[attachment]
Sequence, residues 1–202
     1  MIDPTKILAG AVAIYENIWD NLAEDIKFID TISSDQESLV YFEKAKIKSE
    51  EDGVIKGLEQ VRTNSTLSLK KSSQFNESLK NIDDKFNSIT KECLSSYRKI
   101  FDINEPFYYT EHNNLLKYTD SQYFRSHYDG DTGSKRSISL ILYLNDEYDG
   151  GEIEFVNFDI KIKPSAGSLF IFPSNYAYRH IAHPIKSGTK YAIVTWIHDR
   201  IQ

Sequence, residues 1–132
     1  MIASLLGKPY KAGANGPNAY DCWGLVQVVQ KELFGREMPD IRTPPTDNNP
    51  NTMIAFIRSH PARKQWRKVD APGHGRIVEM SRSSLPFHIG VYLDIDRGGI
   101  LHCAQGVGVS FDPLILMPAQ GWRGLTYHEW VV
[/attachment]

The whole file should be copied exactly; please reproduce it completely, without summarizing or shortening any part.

Sequence, residues 1–202
     1  MIDPTKILAG AVAIYENIWD NLAEDIKFID TISSDQESLV YFEKAKIKSE
    51  EDGVIKGLEQ VRTNSTLSLK KSSQFNESLK NIDDKFNSIT KECLSSYRKI
   101  FDINEPFYYT EHNNLLKYTD SQYFRSHYDG DTGSKRSISL ILYLNDEYDG
   151  GEIEFVNFDI KIKPSAGSLF IFPSNYAYRH IAHPIKSGTK YAIVTWIHDR
   201  IQ

Sequence, residues 1–132
     1  MIASLLGKPY KAGANGPNAY DCWGLVQVVQ KELFGREMPD IRTPPTDNNP
    51  NTMIAFIRSH PARKQWRKVD APGHGRIVEM SRSSLPFHIG VYLDIDRGGI
   101  LHCAQGVGVS FDPLILMPAQ GWRGLTYHEW VV